On October 2nd, Oregon State University published an article that showed a severe loss of maternal DNA lineages among blue, fin, and humpback whales over the course of the 20th and 21st century, resulting in the loss of their genetic diversity. What is maternal DNA, you may ask, and how does it relate to their diversity?

According to the study’s lead author, Dr. Angela Sremba, “A maternal lineage is often associated with an animal’s cultural memories such as feeding and breeding locations that are passed from one generation to the next.” If the lineage is lost, then the knowledge or instinct from their mother is also gone.

South Georgia is an island within the South Atlantic Ocean, 800 miles from the Falkland Islands, that was home to many whaling stations in the 20th century. Though it was a feeding station for whales, more than two million whales were killed there by commercial whaling. Therefore, for the past 60 years, sightings of whales in the South Georgia feeding grounds have remained low. The deaths of so many whales caused the end of many lineages, which led to a loss of cultural memory.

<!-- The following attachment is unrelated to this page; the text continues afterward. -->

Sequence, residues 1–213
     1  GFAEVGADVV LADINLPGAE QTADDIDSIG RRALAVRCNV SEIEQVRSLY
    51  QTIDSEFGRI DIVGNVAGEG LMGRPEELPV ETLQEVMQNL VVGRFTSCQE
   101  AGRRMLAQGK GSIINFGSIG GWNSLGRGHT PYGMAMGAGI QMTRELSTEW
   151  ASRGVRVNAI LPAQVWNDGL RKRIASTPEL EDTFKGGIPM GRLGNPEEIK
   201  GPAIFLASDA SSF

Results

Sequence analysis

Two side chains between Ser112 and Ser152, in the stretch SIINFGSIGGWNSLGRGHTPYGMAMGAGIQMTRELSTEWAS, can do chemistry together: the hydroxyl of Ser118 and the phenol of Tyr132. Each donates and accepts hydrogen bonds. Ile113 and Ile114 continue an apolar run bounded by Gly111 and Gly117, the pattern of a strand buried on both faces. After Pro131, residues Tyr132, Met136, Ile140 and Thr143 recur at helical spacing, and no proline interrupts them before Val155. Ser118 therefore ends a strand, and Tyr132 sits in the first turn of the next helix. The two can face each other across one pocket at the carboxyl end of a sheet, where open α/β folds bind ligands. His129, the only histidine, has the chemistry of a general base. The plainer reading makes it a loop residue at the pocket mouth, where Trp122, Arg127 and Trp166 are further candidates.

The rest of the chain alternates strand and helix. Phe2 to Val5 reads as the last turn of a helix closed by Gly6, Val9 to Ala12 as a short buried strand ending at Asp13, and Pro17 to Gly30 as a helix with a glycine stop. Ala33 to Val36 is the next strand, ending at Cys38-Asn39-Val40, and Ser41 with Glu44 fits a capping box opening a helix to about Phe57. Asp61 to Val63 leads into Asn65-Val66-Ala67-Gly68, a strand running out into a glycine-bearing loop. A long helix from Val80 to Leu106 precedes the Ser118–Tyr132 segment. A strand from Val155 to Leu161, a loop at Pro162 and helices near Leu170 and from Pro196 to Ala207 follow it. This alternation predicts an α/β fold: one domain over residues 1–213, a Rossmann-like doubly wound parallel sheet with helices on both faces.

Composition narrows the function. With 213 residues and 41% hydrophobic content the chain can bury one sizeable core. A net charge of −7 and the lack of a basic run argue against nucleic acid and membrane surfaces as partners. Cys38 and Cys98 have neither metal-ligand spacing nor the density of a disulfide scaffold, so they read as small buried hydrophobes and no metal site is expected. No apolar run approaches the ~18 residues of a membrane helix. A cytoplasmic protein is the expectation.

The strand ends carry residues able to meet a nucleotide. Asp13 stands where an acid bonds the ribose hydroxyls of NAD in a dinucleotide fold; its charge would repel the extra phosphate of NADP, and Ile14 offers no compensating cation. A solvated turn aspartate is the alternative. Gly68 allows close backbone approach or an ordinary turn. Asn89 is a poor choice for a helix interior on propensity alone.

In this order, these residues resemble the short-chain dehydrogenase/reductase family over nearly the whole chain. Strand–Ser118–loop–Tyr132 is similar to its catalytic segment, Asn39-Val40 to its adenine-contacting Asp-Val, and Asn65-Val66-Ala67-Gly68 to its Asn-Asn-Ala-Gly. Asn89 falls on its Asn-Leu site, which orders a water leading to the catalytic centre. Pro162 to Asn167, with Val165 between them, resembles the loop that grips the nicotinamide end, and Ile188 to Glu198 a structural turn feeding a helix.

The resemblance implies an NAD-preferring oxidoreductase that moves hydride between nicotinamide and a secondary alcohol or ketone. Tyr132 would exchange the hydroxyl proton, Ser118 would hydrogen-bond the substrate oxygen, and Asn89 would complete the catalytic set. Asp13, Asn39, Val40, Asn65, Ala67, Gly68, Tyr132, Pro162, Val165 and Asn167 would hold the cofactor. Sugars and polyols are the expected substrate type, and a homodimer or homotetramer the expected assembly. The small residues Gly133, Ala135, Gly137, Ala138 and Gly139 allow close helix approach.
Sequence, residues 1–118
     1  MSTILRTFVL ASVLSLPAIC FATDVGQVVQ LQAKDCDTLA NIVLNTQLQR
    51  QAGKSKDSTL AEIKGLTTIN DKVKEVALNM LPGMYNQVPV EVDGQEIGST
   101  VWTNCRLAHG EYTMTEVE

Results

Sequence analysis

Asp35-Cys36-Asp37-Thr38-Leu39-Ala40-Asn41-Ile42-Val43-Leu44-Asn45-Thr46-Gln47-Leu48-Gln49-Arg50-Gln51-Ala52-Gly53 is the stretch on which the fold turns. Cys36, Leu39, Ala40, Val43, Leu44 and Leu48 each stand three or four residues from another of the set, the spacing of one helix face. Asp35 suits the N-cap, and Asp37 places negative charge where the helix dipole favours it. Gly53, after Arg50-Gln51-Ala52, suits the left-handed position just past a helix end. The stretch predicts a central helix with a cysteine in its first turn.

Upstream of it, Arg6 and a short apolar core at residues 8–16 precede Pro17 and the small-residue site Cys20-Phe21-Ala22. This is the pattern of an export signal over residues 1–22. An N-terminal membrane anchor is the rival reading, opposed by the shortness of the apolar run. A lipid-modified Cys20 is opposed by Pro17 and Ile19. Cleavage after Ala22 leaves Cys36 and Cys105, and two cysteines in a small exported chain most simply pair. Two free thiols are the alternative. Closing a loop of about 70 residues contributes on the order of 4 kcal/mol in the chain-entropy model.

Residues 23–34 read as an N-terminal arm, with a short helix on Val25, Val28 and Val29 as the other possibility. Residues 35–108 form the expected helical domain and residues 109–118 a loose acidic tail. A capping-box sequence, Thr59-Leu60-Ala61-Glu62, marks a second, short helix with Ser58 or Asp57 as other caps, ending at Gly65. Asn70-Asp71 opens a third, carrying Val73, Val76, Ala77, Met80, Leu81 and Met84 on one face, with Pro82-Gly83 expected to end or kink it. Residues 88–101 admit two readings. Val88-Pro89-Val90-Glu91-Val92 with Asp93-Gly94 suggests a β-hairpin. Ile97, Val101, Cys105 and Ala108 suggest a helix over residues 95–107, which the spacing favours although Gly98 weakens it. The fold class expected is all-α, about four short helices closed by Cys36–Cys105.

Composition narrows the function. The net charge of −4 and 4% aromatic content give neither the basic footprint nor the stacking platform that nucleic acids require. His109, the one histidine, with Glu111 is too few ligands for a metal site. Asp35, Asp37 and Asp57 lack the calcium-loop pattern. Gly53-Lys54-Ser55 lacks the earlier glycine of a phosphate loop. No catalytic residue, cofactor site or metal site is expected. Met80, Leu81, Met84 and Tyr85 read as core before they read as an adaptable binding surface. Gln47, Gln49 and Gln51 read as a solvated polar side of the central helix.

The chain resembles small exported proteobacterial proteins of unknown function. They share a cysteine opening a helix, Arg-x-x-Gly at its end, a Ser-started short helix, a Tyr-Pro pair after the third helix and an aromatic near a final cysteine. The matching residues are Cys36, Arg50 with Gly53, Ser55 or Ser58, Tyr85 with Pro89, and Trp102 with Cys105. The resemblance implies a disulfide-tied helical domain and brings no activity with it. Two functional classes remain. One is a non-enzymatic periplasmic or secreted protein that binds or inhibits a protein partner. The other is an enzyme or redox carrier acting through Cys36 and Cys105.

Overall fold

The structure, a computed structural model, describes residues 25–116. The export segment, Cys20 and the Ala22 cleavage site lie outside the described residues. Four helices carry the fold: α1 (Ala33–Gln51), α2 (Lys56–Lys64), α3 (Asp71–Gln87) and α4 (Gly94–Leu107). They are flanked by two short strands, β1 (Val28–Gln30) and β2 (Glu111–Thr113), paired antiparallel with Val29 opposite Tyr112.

In order to analyze how whaling and the loss of maternal DNA (mtDNA) might have affected the diversity, researchers from Oregon State University gathered samples of DNA from today’s whale population and compared them to those from the pre-whaling era. They found that surprisingly, the rates of genetic diversity stayed relatively the same. However, whales can live for more than one hundred years, so most of the whales are likely to be the ones that were born during the pre-whaling era.

This discovery isn't particularly helpful since scientists are still unsure about what will happen when the whales from the past start dying. The next generation of these whales will also continue to have a further loss of maternal DNA, as we cannot depend on the minimal possibility that all of their offspring will be female and have children to pass their maternal DNA to the next generation.